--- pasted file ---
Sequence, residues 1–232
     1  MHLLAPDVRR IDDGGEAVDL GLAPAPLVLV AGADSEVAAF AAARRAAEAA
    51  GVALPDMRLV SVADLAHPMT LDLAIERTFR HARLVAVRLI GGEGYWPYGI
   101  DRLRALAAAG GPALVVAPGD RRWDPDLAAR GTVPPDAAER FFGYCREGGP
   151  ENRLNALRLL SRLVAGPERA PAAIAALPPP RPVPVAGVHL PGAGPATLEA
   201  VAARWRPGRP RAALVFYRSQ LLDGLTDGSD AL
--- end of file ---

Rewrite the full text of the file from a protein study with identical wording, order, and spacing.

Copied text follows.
Sequence, residues 1–232
     1  MHLLAPDVRR IDDGGEAVDL GLAPAPLVLV AGADSEVAAF AAARRAAEAA
    51  GVALPDMRLV SVADLAHPMT LDLAIERTFR HARLVAVRLI GGEGYWPYGI
   101  DRLRALAAAG GPALVVAPGD RRWDPDLAAR GTVPPDAAER FFGYCREGGP
   151  ENRLNALRLL SRLVAGPERA PAAIAALPPP RPVPVAGVHL PGAGPATLEA
   201  VAARWRPGRP RAALVFYRSQ LLDGLTDGSD AL